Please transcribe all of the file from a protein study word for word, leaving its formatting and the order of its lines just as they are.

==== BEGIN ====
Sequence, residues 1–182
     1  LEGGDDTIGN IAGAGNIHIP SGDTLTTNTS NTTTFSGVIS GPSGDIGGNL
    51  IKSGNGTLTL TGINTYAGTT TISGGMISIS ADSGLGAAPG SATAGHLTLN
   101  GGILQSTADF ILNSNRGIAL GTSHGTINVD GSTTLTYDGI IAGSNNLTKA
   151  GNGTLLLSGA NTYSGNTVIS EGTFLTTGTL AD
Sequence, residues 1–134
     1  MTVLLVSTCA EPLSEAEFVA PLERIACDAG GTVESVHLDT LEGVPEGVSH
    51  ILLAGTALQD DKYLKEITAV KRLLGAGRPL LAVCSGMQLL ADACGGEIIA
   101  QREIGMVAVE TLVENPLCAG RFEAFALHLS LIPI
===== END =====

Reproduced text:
Sequence, residues 1–182
     1  LEGGDDTIGN IAGAGNIHIP SGDTLTTNTS NTTTFSGVIS GPSGDIGGNL
    51  IKSGNGTLTL TGINTYAGTT TISGGMISIS ADSGLGAAPG SATAGHLTLN
   101  GGILQSTADF ILNSNRGIAL GTSHGTINVD GSTTLTYDGI IAGSNNLTKA
   151  GNGTLLLSGA NTYSGNTVIS EGTFLTTGTL AD
Sequence, residues 1–134
     1  MTVLLVSTCA EPLSEAEFVA PLERIACDAG GTVESVHLDT LEGVPEGVSH
    51  ILLAGTALQD DKYLKEITAV KRLLGAGRPL LAVCSGMQLL ADACGGEIIA
   101  QREIGMVAVE TLVENPLCAG RFEAFALHLS LIPI